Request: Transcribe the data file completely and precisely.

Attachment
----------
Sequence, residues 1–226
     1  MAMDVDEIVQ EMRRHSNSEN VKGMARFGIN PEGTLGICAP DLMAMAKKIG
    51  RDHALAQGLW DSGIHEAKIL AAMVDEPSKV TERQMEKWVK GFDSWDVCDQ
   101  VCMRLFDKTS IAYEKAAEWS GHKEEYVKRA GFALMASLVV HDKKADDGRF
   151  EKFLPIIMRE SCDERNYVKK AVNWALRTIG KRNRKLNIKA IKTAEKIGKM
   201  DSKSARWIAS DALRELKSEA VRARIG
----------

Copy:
Sequence, residues 1–226
     1  MAMDVDEIVQ EMRRHSNSEN VKGMARFGIN PEGTLGICAP DLMAMAKKIG
    51  RDHALAQGLW DSGIHEAKIL AAMVDEPSKV TERQMEKWVK GFDSWDVCDQ
   101  VCMRLFDKTS IAYEKAAEWS GHKEEYVKRA GFALMASLVV HDKKADDGRF
   151  EKFLPIIMRE SCDERNYVKK AVNWALRTIG KRNRKLNIKA IKTAEKIGKM
   201  DSKSARWIAS DALRELKSEA VRARIG